CRISPR stands for Clustered Regularly Interspaced Short Palindromic Repeats. Repetitive DNA sequences, called CRISPR, were observed in bacteria with “spacer” DNA sequences in between the repeats that exactly match viral sequences.
CRISPR technology is a simple powerful tool for editing genomes. It allows researchers to easily change DNA sequences and modify gene function. Its many potential applications include correcting genetic defects, treating and preventing the spread of diseases and improving crops. However, it also has some ethical concerns.
CRISPRs are specialized stretches of DNA. The protein Cas9 or “CRISPR-associated” is an enzyme that acts like a pair of molecular scissors, able to cut the strands of DNA.
CRISPR technology was adapted from the natural defense mechanisms of bacteria and archaea. These organisms use CRISPR-derived RNA and various Cas proteins, including Cas9, to foil attacks by viruses and other foreign bodies. They do so primarily by chopping up and destroying the DNA of a foreign invader. When these components are transferred into other, more complex, organisms, it allows for the manipulation of genes, or “editing.”
- CRISPR has made cheap and easy of editing some of the genomes of some plants and animals
- It is used in scientific research
- CRISPR technology also has the potential to transform medicine, enabling us to not only treat but also prevent many diseases
- It is used it change the genomes of the children
- It is used in fingerprinting cells and logging
- The key to CRISPR is the many flavors of “Cas” proteins present in bacteria, where they help defend against viruses. The Cas9 protein is the most widely used by scientists
- CRISPR technology has also been used in the food and agricultural industries to engineer probiotic cultures and to vaccinate industrial cultures against viruses. It is also being used in crops to improve yield, drought tolerance and nutritional properties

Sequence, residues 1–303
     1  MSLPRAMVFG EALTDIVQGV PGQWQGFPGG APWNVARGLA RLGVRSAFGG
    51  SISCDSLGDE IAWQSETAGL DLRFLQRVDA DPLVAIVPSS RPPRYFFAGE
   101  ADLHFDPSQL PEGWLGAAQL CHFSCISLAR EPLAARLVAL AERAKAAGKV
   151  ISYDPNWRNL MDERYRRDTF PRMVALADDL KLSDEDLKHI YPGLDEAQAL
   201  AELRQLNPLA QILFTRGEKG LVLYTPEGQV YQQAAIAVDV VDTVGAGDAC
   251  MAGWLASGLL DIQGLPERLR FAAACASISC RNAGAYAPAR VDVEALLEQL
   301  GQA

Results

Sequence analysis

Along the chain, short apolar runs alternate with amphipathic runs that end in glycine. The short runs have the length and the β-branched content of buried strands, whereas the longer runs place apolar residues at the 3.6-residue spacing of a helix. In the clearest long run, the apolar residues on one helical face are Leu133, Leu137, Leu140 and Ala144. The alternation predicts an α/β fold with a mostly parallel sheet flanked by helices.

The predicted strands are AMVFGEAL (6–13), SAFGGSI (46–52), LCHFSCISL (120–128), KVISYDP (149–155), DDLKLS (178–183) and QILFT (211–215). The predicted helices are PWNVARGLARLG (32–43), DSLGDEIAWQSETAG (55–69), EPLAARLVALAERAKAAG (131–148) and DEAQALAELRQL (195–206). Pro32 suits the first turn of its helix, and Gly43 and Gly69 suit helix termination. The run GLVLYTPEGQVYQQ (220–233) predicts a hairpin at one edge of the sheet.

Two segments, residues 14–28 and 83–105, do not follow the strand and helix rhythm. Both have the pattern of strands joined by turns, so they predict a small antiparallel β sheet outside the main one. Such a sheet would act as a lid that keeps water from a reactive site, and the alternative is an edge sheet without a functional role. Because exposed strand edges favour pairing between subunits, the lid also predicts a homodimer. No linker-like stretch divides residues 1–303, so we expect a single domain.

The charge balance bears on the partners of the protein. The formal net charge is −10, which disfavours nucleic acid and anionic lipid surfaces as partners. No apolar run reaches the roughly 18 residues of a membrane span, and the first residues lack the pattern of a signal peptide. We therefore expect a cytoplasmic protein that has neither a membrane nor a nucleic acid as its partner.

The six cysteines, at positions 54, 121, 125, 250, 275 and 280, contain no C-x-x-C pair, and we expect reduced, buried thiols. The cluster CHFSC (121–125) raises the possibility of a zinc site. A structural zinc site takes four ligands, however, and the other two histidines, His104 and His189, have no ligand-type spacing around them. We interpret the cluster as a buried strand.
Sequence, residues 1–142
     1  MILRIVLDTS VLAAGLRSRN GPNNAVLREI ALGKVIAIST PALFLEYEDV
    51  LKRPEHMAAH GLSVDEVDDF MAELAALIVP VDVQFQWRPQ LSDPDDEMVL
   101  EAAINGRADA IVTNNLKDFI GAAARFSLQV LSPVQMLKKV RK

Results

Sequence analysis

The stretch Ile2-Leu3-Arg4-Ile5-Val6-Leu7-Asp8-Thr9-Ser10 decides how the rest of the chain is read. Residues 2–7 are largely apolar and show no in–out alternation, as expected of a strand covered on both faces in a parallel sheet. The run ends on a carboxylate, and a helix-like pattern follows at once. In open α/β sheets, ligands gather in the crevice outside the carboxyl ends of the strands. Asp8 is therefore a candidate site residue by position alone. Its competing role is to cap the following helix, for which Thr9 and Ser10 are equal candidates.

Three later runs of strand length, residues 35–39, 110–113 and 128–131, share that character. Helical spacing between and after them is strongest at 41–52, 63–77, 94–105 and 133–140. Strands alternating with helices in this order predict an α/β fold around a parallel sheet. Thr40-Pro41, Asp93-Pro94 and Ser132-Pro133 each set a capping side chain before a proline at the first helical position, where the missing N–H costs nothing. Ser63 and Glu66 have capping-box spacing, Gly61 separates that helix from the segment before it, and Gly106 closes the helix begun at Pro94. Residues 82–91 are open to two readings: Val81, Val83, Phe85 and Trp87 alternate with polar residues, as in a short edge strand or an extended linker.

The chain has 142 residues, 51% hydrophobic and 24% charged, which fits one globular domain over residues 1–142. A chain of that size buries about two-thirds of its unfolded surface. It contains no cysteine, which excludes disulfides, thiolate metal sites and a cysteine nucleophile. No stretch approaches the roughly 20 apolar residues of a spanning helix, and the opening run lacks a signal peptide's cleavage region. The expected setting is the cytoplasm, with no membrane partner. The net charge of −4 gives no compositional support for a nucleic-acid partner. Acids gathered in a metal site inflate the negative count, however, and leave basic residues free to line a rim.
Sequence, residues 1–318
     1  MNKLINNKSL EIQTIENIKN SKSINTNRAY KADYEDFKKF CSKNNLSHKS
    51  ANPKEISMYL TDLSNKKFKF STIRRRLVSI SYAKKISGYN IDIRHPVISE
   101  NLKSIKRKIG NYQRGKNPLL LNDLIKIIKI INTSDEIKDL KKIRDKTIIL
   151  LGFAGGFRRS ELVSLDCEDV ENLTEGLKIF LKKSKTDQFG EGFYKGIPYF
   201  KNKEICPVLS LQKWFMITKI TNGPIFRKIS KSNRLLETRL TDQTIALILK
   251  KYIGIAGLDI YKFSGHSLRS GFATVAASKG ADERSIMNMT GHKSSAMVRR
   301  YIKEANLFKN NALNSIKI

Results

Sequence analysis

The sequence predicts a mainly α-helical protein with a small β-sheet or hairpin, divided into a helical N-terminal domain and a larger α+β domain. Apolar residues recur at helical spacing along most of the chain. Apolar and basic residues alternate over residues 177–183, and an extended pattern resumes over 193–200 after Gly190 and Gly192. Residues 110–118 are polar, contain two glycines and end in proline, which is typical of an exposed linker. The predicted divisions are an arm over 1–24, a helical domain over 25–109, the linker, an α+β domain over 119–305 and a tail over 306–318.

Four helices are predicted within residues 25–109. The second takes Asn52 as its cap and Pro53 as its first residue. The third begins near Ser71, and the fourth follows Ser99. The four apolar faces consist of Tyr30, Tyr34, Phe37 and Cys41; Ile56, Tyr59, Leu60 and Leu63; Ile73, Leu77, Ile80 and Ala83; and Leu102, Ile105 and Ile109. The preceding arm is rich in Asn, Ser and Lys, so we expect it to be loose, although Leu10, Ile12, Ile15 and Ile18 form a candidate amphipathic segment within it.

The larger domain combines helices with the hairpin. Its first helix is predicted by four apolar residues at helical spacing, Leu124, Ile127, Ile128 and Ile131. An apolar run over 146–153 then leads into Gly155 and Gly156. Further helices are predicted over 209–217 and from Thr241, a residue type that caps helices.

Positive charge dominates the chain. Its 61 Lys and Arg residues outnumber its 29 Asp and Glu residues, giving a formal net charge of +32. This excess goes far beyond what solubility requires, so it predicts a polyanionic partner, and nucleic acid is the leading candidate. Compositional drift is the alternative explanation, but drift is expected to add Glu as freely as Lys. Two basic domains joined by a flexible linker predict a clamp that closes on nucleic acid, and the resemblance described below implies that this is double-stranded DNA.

Other CRISPR animal trials have ranged from genetically engineering long-haired goats for higher production of cashmere to breeding hornless cows to avoid the painful process of shearing horns off.
Compared to research involving animals, CRISPR trials that edit human DNA have moved more slowly, largely due to the ethical and regulatory issues at play.
- difficult to deliver the CRISPR/Cas material to mature cells in large numbers, which remains a problem for many clinical applications.
- 100% not efficient, so even the cells that take in CRISPR/Cas may not have genome editing activity.
- 100% not accurate, and “off-target” edits, while rare, may have severe consequences, particularly in clinical applications.
In addition to editing somatic cells, the editing of genomes of gametes (eggs and sperm) and early embryos also creates some ethical issues as any such edits in humans would not only affect an individual but also his or her progeny. They could also theoretically be used to increase desirable traits instead of curing disease. Scientists have therefore called for a moratorium on human germline editing until the serious ethical and societal implications are more fully understood.